India may pay a huge price for adopting GM crops. Here's why
When genetically modified (GM) crops were introduced in India in the 1990s, they caused much excitement. Initially, the crops yielded bumper harvests, seemingly confirming the assertions of their advocates that an agricultural revolution was nigh.
Two decades on, GM crops are causing huge losses to farmers, not least because their USP has turned out faulty - they aren't immune to weather changes or pests as they were touted to be. The harm has been especially severe to the Indian farmers growing cotton, over 90% of which is now genetically modified.
Yet, the latest economic survey of the Narendra Modi regime has advocated greater use of "GM technology for agricultural progress and increase in crop productivity per unit area".
"Since the commercialisation of Bt cotton in 2002, yields rose from 300 kg per hectare to 523 kg per hectare in 2014", Minister of State for Agriculture Sanjeev Balyan said early this month.
Accordingly, the Genetic Engineering Appraisal Committee recently cleared a dozen new varieties of GM crops for field trials - cotton, castor, wheat, sugarcane, rice, maize, groundnut, potato, sorghum, brinjal, mustard and chickpea.
Seeding a disaster?
India showed interest in GM crops as early as the 1980s. But the first offer for commercialisation was accepted in 1996 when Monsanto introduced its technology through a joint venture with the Indian firm Mahyco. In 1997-98, Monsanto started field trials of Bt cotton, although illegally. Six years later, Bt cotton was commercially grown.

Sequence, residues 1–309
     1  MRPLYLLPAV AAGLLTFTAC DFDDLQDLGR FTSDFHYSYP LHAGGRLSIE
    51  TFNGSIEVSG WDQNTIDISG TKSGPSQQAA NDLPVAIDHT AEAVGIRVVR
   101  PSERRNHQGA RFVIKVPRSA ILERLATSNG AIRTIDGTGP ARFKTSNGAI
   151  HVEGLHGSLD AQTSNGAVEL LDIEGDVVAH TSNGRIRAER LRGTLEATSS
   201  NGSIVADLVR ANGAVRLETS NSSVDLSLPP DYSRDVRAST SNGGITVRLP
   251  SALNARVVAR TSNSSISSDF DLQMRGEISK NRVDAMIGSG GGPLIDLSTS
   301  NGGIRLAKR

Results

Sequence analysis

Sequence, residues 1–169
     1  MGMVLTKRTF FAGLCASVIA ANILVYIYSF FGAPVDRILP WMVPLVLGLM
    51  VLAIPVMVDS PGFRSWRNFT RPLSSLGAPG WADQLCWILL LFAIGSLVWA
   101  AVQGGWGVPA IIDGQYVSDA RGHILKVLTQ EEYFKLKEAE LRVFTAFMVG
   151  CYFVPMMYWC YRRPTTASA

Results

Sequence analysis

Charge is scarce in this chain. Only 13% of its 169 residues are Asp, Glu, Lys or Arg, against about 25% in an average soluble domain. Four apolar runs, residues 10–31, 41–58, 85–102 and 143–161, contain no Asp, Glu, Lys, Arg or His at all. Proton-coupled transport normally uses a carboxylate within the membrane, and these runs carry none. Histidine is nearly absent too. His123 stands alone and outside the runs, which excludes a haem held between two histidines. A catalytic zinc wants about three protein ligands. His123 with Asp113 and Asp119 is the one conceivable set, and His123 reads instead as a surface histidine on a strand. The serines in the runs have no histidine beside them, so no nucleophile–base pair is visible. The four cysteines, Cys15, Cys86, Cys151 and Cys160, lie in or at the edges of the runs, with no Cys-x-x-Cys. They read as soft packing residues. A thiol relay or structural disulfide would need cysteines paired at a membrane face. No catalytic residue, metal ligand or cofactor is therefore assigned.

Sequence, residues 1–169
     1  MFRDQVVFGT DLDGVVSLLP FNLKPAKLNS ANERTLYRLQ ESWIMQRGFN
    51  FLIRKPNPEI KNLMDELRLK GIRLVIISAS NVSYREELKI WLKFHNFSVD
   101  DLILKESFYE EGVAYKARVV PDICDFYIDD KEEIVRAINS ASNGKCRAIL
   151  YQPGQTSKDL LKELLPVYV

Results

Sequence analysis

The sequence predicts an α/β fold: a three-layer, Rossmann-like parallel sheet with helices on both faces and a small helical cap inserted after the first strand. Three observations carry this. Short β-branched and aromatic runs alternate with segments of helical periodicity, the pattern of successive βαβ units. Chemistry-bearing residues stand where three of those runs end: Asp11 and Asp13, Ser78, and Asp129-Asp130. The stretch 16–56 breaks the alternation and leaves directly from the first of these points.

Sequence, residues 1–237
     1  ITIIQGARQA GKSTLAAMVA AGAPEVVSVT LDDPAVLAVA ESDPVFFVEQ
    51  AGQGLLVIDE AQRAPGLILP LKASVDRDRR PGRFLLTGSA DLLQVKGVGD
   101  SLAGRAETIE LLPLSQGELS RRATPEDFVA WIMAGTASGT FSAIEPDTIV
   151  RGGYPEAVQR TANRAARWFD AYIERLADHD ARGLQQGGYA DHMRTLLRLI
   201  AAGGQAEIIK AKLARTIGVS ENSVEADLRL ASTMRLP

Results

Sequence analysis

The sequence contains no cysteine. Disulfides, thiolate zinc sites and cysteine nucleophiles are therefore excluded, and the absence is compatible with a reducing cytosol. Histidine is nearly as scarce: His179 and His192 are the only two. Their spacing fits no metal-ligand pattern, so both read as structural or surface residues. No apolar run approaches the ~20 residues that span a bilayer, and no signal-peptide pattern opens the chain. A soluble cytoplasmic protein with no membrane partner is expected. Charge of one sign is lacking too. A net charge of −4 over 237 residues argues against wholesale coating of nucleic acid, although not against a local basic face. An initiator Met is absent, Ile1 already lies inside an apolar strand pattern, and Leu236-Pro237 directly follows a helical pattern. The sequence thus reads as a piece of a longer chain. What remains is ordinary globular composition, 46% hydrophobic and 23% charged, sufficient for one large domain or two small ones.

By 2005, nearly 1.3 million hectares of farmland were under the cultivation of GM crops. At least 12 multinational and a few domestic corporations are invested in the business of GM crops and associated technology.
GM crops have divided opinion in India since before their introduction. Those in favour of the crops argue they help reduce the use of pesticides, increase production and, thereby, exports. That's, such crops are not only ecology-friendly, they are economically advantageous as well.
The critics argue that GM crops threaten India's ecology and biodiversity, make pests more resistant, and are too expensive for farmers. As for their supposed economic benefit, they argue that "corporatisation of agriculture" under the terms of international trade "will never be favourable to Indian farmers".
Recent studies seem to support the critics. According to media reports, this year alone, Bt cotton cultivated on 56,000 hectares across seven districts of Karnataka has failed. This loss has again shown that GM crops aren't really immune to weather changes as they are peddled to be. Indeed, not only in India, weather changes have led to failure of Bt cotton in China as well. In the United States, GM soyabean crop has suffered damage due to unusually hot weather.
It's well documented that since the advent of Bt cotton, farmer suicides in the cotton-producing belt of Vidarbha have increased significantly.
Still, the Modi regime has dismissed concerns about the potential dangers of GM crops declaring there is no scientific evidence that they would harm soil, human health or the environment.